Many Americans know to associate fever with illness. But healthcare professionals know that, when it comes to diabetes, every part of a patient’s body, from their hair to their toes, can aid in diagnosis.
Eight percent of the U.S. population has diabetes, but nearly six million people remain undiagnosed. According to the American Podiatric Medical Association (APMA), foot problems can help doctors discover diabetes. Diabetes can cause nerve damage in people’s feet, which can easily lead to amputation.
In the U.S., more than 60 percent of the patients who receive non-traumatic lower-limb amputations have diabetes. In 2004, almost 71,000 American diabetics needed amputations. Luckily, most diabetic amputations can be prevented through vigilant footcare.
”Diabetes can cause patients to lose sensation in their extremities, therefore a person with diabetes might not notice injuries to their feet until serious infection occurs,” said Ross Taubman, D.P.M., president of APMA. ”In most cases, patients can avoid amputation by working regularly with a podiatrist.”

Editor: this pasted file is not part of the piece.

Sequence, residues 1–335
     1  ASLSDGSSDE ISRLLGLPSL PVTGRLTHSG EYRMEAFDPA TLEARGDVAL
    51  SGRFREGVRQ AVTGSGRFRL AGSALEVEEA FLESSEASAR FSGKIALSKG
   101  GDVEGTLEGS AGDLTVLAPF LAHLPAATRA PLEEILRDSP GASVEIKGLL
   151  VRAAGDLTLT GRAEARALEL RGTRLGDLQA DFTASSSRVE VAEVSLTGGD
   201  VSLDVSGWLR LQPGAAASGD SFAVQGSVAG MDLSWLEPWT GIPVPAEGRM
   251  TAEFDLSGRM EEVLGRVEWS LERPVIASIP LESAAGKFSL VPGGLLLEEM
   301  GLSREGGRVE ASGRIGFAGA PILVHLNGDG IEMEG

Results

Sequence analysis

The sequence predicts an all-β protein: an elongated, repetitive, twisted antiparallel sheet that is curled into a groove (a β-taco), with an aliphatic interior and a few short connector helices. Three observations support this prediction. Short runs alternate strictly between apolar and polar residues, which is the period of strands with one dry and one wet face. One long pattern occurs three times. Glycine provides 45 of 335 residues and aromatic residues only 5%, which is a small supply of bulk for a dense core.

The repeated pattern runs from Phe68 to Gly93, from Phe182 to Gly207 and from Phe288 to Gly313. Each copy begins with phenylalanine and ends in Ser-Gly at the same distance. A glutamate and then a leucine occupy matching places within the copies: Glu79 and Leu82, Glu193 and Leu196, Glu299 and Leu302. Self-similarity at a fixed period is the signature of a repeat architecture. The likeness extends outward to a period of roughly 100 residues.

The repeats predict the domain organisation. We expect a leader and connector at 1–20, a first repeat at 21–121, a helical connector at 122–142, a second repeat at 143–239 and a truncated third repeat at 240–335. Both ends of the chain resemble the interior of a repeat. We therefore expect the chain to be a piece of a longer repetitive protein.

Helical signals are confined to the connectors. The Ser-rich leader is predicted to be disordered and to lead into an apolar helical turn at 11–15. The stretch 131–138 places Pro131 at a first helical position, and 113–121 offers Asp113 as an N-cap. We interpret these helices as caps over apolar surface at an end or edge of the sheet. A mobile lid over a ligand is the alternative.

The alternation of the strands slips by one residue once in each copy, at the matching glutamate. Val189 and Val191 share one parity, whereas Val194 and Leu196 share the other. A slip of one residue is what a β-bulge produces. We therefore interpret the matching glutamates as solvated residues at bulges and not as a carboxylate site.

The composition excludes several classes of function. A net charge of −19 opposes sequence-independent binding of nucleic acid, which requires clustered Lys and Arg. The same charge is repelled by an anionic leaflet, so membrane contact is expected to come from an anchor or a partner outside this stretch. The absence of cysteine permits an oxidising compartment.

Once diagnosed, patients with diabetes can prevent amputation by creating a footcare plan. Plans should include annual checkups with a podiatrist and daily foot inspections. Diagnosed diabetics need to be especially careful about footcare and should work with a podiatrist to determine the best preventative treatments.
Early diagnosis helps prevent severe nerve damage. For patients at risk for developing diabetes, foot conditions can be an early warning sign. According to the APMA, patients should see a podiatrist if they notice the following conditions:
- Calluses, blisters, or dry and cracked skin anywhere on the foot can imply poor circulation or foot health, especially if you don’t feel them or they take two or more weeks to heal.
- Look for thin, fragile, shiny or hairless skin, which can denote decreased circulation to the foot.
- Check shoes for torn linings or foreign objects. If they don’t irritate you when you walk, you might have nerve damage. Other warning signs include foot deformities like hammertoes, a past history of foot ulcers, or lower leg or thigh pain when walking.
For more information on preventing diabetes complications to the feet, visit the APMA’s website at www.apma.org.